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Should I vote YES for Bryan ISD's 2020 Bond?

2,397 Views | 31 Replies | Last: 1 day ago by halibut sinclair
JoelBryan
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Early voting starts Tuesday, October 13 and we would love your support!

As a member of the Bryan ISD Bond PAC and a proud parent of three BISD students, I can tell you that this bond will benefit EVERY single student in Bryan ISD. The BISD 2020 Bond provides for an additional intermediate school, new transportation/maintenance center, full-district safety improvements, major maintenance work, and so much more. And all without a tax rate increase. How? Bryan ISD has done an exceptional job keeping their bond rating high, which means we can borrow with very low interest. In fact, BISD has lowered their tax rate again for 2020 and it's now at $1.2325 (down $.0375 from 2019).

Please vote YES! for the 2020 Bryan ISD Bond in the upcoming election. We're happy to answer any questions you may have that will help you make this decision.

For more information on BISD's 2020 Bond please visit www.backbryanisd.com or www.bryanisd.org/bond.
sornman
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Looking at the sample ballot, page 2, Prop A, last sentence:
Quote:

"This is a property tax increase."
I am not stating for or against here, but just wondering why you are saying it isn't a tax increase when the ballot states it is a tax increase.
JoelBryan
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Thank you for asking a great question!

Texas legislature requires that ALL bond elections state that it is a tax increase, even though in this case, your tax rate will not increase with an approval of the bond. So, the disclosure requirement must be on the ballot, regardless of the tax rate increasing or not. This is done, in part, because generally taxes will increase over time as our local property values increase. The BISD 2020 Bond is genuinely a no tax rate increase bond.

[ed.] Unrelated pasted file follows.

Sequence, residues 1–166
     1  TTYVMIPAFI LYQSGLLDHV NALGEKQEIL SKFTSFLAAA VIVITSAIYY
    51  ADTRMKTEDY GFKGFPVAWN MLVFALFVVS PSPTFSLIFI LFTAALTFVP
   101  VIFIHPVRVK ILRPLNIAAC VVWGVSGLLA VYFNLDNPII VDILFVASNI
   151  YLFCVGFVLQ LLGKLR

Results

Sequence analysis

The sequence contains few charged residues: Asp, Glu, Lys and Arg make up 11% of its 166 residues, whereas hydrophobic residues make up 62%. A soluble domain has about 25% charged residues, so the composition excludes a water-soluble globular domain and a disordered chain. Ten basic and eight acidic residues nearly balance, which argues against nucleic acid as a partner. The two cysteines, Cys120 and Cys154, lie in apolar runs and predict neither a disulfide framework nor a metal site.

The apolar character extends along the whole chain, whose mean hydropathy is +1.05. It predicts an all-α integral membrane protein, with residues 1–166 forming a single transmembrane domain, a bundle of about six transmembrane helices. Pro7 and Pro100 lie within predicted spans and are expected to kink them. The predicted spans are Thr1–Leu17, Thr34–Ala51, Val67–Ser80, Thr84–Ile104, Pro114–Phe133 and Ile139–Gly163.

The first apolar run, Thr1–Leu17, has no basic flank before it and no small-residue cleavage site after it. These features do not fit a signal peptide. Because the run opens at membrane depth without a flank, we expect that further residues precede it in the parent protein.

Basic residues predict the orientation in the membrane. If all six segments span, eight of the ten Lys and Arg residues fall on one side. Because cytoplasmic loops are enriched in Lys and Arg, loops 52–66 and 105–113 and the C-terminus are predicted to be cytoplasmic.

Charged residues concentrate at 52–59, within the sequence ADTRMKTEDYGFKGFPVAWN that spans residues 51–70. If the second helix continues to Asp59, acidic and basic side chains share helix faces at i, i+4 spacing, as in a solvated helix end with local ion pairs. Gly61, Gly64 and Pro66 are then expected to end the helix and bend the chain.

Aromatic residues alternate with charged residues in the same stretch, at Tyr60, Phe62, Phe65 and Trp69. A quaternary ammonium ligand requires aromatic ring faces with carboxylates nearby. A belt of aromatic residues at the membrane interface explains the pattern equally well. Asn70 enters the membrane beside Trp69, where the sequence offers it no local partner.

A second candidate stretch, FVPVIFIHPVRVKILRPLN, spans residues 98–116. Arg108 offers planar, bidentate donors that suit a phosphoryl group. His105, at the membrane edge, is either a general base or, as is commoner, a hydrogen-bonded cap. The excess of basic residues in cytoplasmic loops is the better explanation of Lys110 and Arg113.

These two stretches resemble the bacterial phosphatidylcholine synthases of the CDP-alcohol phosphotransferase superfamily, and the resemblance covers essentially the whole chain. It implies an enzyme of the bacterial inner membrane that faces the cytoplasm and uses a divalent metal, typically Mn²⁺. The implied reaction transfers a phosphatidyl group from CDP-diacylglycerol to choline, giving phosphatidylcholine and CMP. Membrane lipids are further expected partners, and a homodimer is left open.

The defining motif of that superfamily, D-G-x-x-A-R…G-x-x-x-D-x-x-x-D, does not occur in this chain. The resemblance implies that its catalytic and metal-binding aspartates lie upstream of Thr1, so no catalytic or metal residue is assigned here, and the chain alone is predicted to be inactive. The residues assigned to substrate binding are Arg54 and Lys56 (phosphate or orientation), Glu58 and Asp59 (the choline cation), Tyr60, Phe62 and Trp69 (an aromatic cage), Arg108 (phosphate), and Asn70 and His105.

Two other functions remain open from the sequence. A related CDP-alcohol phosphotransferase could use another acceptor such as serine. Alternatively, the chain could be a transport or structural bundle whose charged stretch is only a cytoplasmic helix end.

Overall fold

duffelpud
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AG
Forbes disagrees.

No tax increase bonds increase your taxes.

How? School districts regularly issue bonds to finance capital improvements like building new buildings or renovating existing infrastructure. Taxpayers pay off those bonds over time, usually via an increase to their property taxes. Bonds are issued for a specific period, and when they are paid off, taxpayers tax bills go down.

Enter no tax increase bonds. When a school district finds itself on the tail end of a bond payoff period, it realizes that it can borrow more money without taxpayers paying more than they currently are. They simply tack more bonds on and add more years of payment. Everyone's taxes stay the same and the school district gets more money.

But do you see the problem? No tax increase bonds actually do increase your taxes. If the district didn't issue new bonds after paying off the existing ones, your tax bill would go down. But it doesn't. That is a tax increase.

I understand that this might seem like a trivial matter, but it is a problem, for three reasons.

First, it is not honest. Honesty is in short supply in contemporary politics, but our school leaders should be better than this. If they want more money for a new high school, a new science lab or a new football stadium, they have an obligation to be transparent with the people they are asking to pay for it. Playing a shell game or deflecting the true cost erodes the trust between the community and schools.